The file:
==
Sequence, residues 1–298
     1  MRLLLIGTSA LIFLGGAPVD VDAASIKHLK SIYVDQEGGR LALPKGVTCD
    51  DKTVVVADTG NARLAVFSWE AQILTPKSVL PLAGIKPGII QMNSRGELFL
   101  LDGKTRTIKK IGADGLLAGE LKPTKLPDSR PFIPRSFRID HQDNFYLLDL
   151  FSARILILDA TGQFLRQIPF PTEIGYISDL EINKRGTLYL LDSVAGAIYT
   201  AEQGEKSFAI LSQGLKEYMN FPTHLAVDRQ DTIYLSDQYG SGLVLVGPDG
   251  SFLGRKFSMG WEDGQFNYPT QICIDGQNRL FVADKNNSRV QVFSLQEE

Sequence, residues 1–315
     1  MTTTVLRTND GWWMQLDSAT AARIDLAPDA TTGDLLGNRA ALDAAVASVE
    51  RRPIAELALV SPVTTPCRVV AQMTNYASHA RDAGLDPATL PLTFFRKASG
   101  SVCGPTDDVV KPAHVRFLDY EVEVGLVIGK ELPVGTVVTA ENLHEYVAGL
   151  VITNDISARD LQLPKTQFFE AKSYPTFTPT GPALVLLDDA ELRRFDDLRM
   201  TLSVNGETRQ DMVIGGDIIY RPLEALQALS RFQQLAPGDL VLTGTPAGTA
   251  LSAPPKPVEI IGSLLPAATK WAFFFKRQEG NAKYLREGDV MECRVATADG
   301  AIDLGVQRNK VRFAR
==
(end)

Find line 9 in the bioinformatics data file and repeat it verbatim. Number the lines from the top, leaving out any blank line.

     1  MTTTVLRTND GWWMQLDSAT AARIDLAPDA TTGDLLGNRA ALDAAVASVE